Saturday, 28 June 2014

Creating a partnership with students

While I was at the Student Voice conference, I was able to purchase an amazing book by Alison Cook-Sather, Catherine Bovill and Peter Felton (Engaging Students as Parterns in Learning and Teaching: A Guide for Faculty, Jossey-Bass, 2014). I've started to read the book and thought that it would be a good idea if I started to record some of my reflections upon reading it. I don't think I will be able to implement any of the ideas that come to mind until the next academic year, and I fear that if I don't record my thoughts I'll lose them!

Basically, I was extremely motivated by all the conversations I overheard and took part in over the course of my day at the conference, not to mention one of the seminars I attended at the final session for my Master's course this year. I am now, more than ever, determine to establish a culture of working collaboratively with students at my school. I think we will be richly rewarded if we make better use of student voice, opposed to some of the 'tokenistic' uses we currently employ. Ideally, I'd like to incorporate the Speak Up program currently used in Ontario (which I learnt about through Jean Courtney) to help establish a school wide students as researchers project within my school. This would be something that is outside of my Masters work, but I feel passionately enough about it to commit myself to making sure it happens. As Cook-Sather et al. state in their book, 'People typically find time for the things they consider most important' (2014).

In terms of how I plan to use students to help me with my thesis, the  book has also provided me with much help and guidance. One of the things I was initially concerned about was the ethically based argument that I may be seen to be 'using' the students. While I suppose there might be some element of truth in this, because essentially I want them to help me collect data which I will use in a paper to obtain my Master's degree, I am uncomfortable with the idea of using the students for my own gains. Cook-Sather et al. discuss this by stating that as long as teachers are 'willing to truly share - not give up, but share - power and responsibility...and if [they] stay in open and honest dialogue with students about the processes as well as the outcomes, then they are not liking to think you are experimenting on them' (2014). What I've taken from this is that I need to establish an open and collaborative relationship with the students I plan to involve in my research in order to truly have them feel that they are working with me, and not for me. This shouldn't be too hard, because I am choosing students from my form, which means I've been able to establish a relationship with them over the past four years already. In order for them to feel that they're truly working collaboratively with me, and so that they gain something from the project as well, I am going to be sure to refer to them as my Research Partners in my thesis, and will tell them that they should use the title itself on any CVs or college applications that they write.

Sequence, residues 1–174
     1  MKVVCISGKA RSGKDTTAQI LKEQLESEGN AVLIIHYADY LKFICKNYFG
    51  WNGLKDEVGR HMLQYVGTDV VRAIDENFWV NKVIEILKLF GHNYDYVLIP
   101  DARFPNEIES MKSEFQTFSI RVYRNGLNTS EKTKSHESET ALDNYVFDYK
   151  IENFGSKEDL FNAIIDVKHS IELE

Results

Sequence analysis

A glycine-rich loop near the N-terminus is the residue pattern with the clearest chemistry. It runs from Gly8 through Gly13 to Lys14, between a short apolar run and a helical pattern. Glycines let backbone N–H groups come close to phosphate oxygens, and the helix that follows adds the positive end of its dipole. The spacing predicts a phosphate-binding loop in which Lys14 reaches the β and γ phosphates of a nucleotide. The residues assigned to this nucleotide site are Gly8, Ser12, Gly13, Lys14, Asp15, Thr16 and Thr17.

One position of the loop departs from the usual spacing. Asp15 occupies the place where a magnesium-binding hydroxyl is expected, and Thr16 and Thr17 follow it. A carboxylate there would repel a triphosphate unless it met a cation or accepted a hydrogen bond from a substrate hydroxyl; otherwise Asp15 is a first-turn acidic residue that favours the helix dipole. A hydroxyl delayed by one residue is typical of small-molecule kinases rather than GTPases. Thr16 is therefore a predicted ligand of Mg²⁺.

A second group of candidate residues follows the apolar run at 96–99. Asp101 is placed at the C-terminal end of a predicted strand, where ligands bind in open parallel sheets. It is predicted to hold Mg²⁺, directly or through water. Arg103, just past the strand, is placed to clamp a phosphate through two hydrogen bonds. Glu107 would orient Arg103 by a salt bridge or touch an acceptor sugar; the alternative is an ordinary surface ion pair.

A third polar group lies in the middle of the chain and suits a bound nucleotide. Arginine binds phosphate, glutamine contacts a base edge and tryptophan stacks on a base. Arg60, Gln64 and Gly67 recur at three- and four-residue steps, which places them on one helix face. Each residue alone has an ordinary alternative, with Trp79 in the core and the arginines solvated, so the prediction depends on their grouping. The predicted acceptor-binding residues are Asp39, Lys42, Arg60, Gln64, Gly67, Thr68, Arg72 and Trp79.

To ensure that they are truly research partners, I'd like to get them to not only help me collect my data via interviews, I'd also like to have them help me validate my transcription as well as my codes. I think what I may do is have students conduct the interviews, whilst recording them for later transcription and analysis. I'd then like to show the recorded interviews back to my research partners and ask them to determine what some of the key points (which may then contribute to codes) were. In this way they would be able to analyse and question the interviews that they themselves conducted, helping me to come to better conclusions. I may also encourage them to keep field notes or a blog such as this one, in which they record their initial thoughts after each interview. This would undoubtably provide me with some rich and interesting data to use alongside the recorded interviews. However, I do wonder if perhaps the findings from their field notes could be used as part of a bigger study on using students-as-researchers.... ah, I am getting ahead of myself, and will stop that train of thought there for now.

Another interesting concept is the idea that I need to make sure that, throughout my research, I am not merely using the students to find out what I want, in order to then give it to them. If that's the outcome of my research, then I am doing nothing but fuelling the 'consumerist' culture that exists in many educational settings. Instead, I need to try and use my findings to help challenge and stretch both teachers and learners.

Anyways, these are my initial thoughts based on the first two chapters of the book. I will read some more over the coming weeks, alongside finishing up Essay 2, and provide more updates as and when I feel I have interesting thoughts worth recording.

Until next time!

KC